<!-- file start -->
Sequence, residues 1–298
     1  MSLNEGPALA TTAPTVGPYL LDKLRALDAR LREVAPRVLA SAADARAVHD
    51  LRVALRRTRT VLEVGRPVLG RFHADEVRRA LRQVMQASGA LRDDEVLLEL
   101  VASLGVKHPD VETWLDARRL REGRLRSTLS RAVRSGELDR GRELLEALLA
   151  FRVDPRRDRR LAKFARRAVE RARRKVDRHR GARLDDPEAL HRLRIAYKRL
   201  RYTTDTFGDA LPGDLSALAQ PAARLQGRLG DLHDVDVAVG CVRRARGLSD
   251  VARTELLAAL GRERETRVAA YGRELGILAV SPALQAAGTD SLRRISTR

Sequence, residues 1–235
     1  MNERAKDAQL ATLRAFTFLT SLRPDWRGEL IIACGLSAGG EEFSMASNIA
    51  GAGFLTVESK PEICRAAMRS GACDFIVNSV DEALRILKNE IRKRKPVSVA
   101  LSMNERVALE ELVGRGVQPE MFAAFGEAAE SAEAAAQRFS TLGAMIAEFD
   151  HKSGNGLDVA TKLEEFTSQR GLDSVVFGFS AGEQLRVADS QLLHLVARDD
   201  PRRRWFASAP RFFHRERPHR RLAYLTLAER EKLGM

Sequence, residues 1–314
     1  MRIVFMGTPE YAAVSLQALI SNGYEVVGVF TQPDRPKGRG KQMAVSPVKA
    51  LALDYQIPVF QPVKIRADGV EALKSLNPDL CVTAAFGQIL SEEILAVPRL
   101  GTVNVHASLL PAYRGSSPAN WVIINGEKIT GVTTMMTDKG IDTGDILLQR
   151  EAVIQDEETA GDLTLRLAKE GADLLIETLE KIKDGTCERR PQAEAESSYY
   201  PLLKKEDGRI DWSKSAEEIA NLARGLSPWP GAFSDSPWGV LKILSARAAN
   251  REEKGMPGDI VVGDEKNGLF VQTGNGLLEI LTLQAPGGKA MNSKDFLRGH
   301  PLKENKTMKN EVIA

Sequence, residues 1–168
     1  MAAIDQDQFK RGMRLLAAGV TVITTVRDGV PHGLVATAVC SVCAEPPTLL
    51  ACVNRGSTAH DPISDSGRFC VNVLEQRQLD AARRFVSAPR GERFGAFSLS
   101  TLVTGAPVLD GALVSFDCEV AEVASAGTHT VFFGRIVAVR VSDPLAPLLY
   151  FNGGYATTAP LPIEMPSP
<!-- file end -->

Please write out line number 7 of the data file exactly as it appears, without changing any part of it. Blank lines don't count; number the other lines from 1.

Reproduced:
   251  VARTELLAAL GRERETRVAA YGRELGILAV SPALQAAGTD SLRRISTR